Operating on a plane of thinking angled so diametrically opposite to reality, the cupboard of alt-right, Twitter-obsessed, ‘Magic R‘-waving, conservative extremists and “patriotic” nutbags have carved out such a deep crater of partisanship, that there’s simply no shout from sea level that’s loud enough to reach them. So, the first step in combatting this level of delusion is to NOT TAKE THEIR FUCKING BAIT. Think about it like this: when you’re in a spat with a friend or a spouse, the name-calling and stone-throwing, while sometimes illuminating, won’t quell the fight. It’s when one side makes one conciliatory gesture that the other’s side feels respite from attacks to their ego. And when an ego is waxed, the space is cleared for provocative thought to settle. Our politics are so trussed by our egos, and the nature of partisanship so closely aligned with our pride, that sometimes a level of decorum can prove more effective in making voices heard. Unless of course the fight is on a policy-level, in which case squabbling shouldn’t even be an issue, but here we are.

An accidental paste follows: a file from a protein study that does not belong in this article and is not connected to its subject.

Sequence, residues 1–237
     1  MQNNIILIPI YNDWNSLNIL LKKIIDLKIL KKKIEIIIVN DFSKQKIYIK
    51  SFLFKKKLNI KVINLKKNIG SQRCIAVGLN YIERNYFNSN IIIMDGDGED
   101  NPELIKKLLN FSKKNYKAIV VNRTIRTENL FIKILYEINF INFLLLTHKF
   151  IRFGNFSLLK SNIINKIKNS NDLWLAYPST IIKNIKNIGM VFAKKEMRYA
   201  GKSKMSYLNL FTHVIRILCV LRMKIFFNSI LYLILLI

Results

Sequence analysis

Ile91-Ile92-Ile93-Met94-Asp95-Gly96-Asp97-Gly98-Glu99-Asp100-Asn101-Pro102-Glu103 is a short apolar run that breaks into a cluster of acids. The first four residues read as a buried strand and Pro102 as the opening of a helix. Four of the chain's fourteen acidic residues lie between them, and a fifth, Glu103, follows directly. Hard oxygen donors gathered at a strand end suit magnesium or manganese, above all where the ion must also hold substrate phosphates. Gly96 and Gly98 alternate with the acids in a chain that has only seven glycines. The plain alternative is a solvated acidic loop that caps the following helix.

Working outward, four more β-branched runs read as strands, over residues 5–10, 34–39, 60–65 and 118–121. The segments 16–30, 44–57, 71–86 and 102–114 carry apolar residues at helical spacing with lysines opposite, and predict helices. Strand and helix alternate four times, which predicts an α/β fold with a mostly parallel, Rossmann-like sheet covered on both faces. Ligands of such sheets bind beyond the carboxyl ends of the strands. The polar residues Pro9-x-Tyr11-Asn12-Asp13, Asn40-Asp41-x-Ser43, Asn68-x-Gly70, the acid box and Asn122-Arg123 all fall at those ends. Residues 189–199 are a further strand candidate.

“…I know it’s not really important, like which department stores are selling Ivanka’s panty liners, but…”
So what is there to learn here? In the final scene of ‘Snap Judgment,’ Chelsea basks in the pride of her victory, and just after her declaration of joy “to have defeated sexism,” a (male) passerby on the street gives her the parting words of, “Hey, you won…smile.” This is a marathon, not a sprint, honey. But remember this, Chelsea (and the rest of us alike): Just because you hear the voice of opposition constantly, doesn’t mean you’re in the minority. And just because your character is under attack, doesn’t meant you have to feed the trolls. Hold your head up, work closely with the people you trust, and focus on the issues. And focus on the issues. And for god’s sake, focus on the issues, would ya?